It seems there was once a man named Phillip Harlock. It seems that he lived most of his entire life within the house, alone. Phillip might have grown up there… or he might have built it. He might have once had a family there. Phillip seems to have been an occultist. He seems to have been a severe agoraphobe. As he lived out his entire life there, he seems to have grown increasingly eccentric… increasingly mad.
We sometimes think that when two people spend extended periods of time together, one begins to take on qualities of the other. After years, they truly share everything, including a mental state, and perhaps even a mental space. We even begin to think that they physically resemble each other. It’s more than just finishing each others’ sentences; they share thoughts and dreams and emotions. …But what if one of those people isn’t a person at all? What if it is a place? A house…
And what if, gentle reader, neither was entirely stable?
Harlock vanished inside the house, and it has been ever since unliveable. It seems to miss Harlock and hate anyone inside it who is not him. We should also say that it seems Harlock dabbled in Things Man Was Not Meant to Know, that the house became part of something deeper, some darker, that bleeds and oozes through the multiverse.
The result is a house that might show up anywhere, a house that is alive and insane and twisted in hatred. It is “haunted” by all sorts of entities, including the family that Harlock either imagined he had, or that he created distorted caricatures of. Father, Mother, Brother, Sister, and Lover are some of the worst entities in the house, each representing some form of love gone wrong.
The house’s interior dimensions, like the Doctor’s TARDIS, have nothing to do with its external ones. It may well be infinite. The “map” of the house is actually a flowchart. Rooms relegate to each other emotionally and thematically rather than geographically.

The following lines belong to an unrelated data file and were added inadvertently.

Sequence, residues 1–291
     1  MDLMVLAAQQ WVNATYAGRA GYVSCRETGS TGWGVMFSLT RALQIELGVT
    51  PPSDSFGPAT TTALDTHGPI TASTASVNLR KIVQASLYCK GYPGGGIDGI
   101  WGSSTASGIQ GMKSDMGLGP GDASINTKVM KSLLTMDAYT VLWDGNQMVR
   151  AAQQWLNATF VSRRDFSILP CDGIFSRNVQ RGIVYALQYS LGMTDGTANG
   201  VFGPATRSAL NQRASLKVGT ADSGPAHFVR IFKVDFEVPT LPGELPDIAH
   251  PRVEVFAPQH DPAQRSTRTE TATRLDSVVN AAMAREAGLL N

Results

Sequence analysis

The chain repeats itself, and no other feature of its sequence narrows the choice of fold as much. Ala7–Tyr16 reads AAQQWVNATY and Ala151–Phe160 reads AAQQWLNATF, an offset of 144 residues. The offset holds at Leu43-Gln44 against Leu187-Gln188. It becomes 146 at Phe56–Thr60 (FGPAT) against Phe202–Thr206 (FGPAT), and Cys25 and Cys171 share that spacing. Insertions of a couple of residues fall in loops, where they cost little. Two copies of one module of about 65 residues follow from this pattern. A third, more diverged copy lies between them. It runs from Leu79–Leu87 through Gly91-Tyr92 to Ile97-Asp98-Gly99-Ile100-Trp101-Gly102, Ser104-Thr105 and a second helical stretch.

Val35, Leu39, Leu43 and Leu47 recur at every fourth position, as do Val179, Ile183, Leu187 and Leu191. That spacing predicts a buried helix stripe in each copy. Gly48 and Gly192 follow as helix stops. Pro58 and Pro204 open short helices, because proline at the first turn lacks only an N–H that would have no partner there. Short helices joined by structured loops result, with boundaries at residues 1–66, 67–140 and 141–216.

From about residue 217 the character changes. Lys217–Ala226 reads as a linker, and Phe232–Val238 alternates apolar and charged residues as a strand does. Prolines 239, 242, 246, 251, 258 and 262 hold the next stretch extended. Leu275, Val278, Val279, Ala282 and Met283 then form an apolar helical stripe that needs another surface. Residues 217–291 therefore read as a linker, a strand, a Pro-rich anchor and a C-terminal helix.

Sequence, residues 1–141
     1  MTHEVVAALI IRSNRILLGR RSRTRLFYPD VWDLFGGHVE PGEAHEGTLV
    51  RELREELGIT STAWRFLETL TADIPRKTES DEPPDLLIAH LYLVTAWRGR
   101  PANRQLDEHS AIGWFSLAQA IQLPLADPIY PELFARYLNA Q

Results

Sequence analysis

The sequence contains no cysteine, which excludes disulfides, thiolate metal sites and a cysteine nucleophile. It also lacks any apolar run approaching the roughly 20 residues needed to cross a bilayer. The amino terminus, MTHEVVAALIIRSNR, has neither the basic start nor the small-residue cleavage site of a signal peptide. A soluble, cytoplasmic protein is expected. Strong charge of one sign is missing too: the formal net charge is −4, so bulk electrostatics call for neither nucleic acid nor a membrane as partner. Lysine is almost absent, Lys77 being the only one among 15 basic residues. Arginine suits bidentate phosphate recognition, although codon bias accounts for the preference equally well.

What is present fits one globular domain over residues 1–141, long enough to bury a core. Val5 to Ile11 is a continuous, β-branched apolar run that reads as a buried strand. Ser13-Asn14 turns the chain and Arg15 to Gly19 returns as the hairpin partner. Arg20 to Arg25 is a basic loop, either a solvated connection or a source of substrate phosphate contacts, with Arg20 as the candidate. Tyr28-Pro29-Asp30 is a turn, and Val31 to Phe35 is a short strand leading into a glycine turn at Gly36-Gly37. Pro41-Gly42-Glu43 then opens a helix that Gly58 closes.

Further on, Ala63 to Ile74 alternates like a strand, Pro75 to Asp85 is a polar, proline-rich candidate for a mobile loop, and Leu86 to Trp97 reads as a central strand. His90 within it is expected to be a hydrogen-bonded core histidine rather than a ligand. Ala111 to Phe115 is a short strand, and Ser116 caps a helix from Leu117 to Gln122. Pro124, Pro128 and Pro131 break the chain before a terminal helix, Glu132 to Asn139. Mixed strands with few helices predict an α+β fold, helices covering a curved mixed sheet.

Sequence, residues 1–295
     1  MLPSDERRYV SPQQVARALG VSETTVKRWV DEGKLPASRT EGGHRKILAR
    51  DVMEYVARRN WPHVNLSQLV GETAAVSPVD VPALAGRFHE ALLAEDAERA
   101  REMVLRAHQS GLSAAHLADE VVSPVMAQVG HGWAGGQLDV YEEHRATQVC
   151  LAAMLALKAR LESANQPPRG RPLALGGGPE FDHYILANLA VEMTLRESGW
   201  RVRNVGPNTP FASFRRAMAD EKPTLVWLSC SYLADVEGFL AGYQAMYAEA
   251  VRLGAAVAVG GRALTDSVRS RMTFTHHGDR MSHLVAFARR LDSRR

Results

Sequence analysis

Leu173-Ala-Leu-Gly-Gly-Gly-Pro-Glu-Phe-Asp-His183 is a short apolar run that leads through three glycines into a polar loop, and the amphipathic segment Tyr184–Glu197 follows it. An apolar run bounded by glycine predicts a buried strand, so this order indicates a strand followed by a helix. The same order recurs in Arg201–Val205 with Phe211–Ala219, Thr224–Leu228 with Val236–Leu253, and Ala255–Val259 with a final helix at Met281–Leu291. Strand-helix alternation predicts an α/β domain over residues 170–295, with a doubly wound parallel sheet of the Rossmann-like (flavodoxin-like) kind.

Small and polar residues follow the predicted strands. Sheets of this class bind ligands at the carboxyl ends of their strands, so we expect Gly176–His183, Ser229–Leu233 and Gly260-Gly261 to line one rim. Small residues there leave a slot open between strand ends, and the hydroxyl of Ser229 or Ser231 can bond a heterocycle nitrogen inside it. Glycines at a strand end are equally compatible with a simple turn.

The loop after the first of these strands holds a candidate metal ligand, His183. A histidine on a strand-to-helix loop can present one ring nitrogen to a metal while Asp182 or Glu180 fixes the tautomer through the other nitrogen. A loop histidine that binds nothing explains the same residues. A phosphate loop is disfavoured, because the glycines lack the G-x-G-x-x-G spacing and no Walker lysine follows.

Once inside, the house will not let you go… at least until it is done with you. There are ways to escape, but they are hard won and hard to come by.
Getting the players inside can be facilitated any number of ways. In standard Call of Cthulhu fashion they might be hired to investigate the paranormal there. In high fantasy they might go in seeking treasure or looking for a way to stop evil. Occultists and wizards might be drawn to it seeking power. Perhaps one or more of the player characters’ loved ones have vanished inside and they go after them to rescue them. The story however is essentially the same. Something draws you inside the house and once inside you realize you cannot easily escape. Inside, your wits, your will, your beliefs will all be tested.
Again, a bit like 2020 all over again.
The Darkest House is a masterpiece. It stands head and shoulders above any haunted house we have seen at the gaming table. While I think Cook and his team were trying a bit too hard to reinvent the wheel with their previous effort, Invisible Sun, here they absolutely have, changing how a role playing game can be conceived of and run. It’s a haunted house, it’s a mega-dungeon. Depending on the characters you bring inside it could be everything from crushing psychological horror (characters from Kult, Call of Cthulhu, Unknown Armies, etc) to a heroic struggle against evil (high-level Pathfinder, 5E, or 13th Age characters, or really any superhero characters). But really what The Darkest House is is a mirror, and the abyss we gaze into is the specter of our own pandemic experiences.
And that, ladies and gentlemen, is art.